16 November 2000 Edition

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Disabled call for change


The Disabled Federation of Ireland has this week called on the Dublin government to implement the policies to secure equality for the disabled that were promised in the coalition's Programme for Government four budgets ago. An Phoblacht' Michael Pierse reports.

The Disability Federation of Ireland (DFI) has this week launched a list of budgetary measures that its members believe are vital to the provision of equal rights for the disabled.

  Although commitments have been made to the disabled under government policy, there is a bloody big gap between the aspiration and the reality.  
Niall Keane of the Disability Federation of Ireland

DFI, the umbrella organisation of voluntary disability organisations, lashed out at the failure of the Dublin government to implement its own policies on disability. According to DFI Chief Executive John Dolan: ``We needn't cod ourselves into thinking that things are getting better.''

``We are now facing the fourth budget since their Programme for Government commitment to act for the disabled,'' said Dolan. ``We couldn't consider running a country without the economic infrastructure, yet we consider as a luxury the idea of looking after the disabled.''

According to the most recent statistics on the costs incurred by disabled people, 20 per cent had to buy items relating to their disability at a cost of up to £30 each week. 57 per cent had bought equipment, aids or furniture because of their disability. 17 per cent had carried out alterations to their homes. The statistics showed that 23 per cent had increased appetites, 43 per cent spent more on clothes and 53 per cent spent more on heating. A further sobering statistic is that these `most recent statistics' are all five years old.

Niall Keane, who chairs the DFI, told An Phoblacht that the ``lack of hardcore data'' on the plight of the disabled is another symptom of the government's evasion of the issue.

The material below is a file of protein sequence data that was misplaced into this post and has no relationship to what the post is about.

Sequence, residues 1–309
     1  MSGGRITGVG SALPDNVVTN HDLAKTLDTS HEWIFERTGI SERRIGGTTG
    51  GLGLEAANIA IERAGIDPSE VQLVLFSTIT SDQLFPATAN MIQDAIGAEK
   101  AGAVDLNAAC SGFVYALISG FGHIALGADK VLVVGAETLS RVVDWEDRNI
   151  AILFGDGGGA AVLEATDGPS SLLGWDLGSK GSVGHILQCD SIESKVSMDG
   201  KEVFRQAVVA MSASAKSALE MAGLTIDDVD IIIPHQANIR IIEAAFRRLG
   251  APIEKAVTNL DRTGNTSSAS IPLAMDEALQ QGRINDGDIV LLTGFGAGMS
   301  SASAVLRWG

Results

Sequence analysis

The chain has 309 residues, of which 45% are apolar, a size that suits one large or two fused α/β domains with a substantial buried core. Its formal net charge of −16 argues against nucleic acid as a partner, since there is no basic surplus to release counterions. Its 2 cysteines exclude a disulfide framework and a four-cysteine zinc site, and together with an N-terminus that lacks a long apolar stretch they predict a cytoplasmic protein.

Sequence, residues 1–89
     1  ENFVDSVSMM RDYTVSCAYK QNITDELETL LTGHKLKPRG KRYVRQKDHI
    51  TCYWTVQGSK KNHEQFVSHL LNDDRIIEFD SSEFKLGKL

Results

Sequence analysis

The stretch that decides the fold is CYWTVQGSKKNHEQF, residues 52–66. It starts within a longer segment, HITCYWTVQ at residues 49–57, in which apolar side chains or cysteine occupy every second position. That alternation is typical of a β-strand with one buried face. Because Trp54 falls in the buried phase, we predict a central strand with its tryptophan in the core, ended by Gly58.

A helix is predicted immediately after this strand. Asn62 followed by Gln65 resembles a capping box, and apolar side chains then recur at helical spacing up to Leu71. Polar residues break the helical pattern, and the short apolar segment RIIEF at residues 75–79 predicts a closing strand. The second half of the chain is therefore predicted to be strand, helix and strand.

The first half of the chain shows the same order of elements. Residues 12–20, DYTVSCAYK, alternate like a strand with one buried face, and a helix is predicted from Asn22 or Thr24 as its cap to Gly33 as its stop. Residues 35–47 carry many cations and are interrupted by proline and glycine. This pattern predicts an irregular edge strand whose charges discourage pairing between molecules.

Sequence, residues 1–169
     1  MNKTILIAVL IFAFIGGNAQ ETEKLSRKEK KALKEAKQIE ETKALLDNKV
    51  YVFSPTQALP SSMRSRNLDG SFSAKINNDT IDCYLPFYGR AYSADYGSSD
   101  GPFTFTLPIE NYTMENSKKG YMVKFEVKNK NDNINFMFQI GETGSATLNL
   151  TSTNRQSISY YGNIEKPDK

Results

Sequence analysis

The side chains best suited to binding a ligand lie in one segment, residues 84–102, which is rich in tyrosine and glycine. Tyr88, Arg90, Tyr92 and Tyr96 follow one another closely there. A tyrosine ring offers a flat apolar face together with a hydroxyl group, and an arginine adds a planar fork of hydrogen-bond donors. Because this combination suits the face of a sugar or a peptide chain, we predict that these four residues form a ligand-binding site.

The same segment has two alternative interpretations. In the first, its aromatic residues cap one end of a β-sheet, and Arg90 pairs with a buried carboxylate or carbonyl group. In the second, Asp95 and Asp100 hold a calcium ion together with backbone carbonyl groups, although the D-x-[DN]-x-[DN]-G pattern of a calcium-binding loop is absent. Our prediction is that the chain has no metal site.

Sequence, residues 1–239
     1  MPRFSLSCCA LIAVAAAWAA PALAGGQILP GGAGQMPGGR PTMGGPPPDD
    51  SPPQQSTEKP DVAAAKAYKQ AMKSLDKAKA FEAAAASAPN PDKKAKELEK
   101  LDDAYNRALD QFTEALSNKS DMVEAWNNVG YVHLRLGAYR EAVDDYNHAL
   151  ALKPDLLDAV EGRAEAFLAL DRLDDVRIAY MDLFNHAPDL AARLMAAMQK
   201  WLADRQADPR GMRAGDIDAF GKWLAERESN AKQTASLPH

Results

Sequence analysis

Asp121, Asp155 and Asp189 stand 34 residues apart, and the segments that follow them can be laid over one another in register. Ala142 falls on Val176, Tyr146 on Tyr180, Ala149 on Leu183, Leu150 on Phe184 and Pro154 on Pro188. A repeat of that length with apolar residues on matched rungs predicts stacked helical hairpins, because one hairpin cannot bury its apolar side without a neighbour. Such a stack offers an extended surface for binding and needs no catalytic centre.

``Any fair-minded person could easily presume that disabled people are very low down on the list on the government's agenda. Although commitments have been made to the disabled under government policy, there is a bloody big gap between the aspiration and the reality.''

Poverty is a pervasive problem for the disabled, and is particularly acute amongst families where the person with the disability is also the head of the household. According to the ESRI `Living in Ireland Survey' (1997), 72 per cent of all 26-County households headed by disabled persons were below the poverty line. As we have seen from the lack of progression conveyed by successive surveys on poverty, this grim staistic is unlikely to have changed at all for the better. Indeed, the 1987 ESRI survey of the same title, found that only 42 per cent of households headed by a person who was ill or disabled were below the poverty line. A recent Conference of the Religious in Ireland document shows us that, for the disabled and others who have been shaken off by the Celtic Tiger, the `bad old days' of the eighties are still with us. The document, quoted by DFI in their pre-budget submission, states that: ``Since 1987 the risk of poverty has increased for one adult households, households headed by elderly people, by women, by people who are ill or suffer with disabilities, by full-time home workers, by employees and by self-employed people.'' The Celtic what? you might ask.